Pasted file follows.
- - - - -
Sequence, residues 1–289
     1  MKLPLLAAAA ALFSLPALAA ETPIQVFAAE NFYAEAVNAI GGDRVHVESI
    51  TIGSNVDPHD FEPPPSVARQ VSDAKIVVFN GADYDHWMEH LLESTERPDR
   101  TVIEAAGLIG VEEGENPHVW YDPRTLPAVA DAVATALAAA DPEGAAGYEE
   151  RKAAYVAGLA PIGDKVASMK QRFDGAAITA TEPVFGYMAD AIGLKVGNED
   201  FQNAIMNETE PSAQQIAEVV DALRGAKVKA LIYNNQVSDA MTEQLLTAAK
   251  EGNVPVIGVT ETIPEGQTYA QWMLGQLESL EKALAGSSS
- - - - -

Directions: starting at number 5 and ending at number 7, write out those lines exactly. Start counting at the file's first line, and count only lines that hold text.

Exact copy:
   151  RKAAYVAGLA PIGDKVASMK QRFDGAAITA TEPVFGYMAD AIGLKVGNED
   201  FQNAIMNETE PSAQQIAEVV DALRGAKVKA LIYNNQVSDA MTEQLLTAAK
   251  EGNVPVIGVT ETIPEGQTYA QWMLGQLESL EKALAGSSS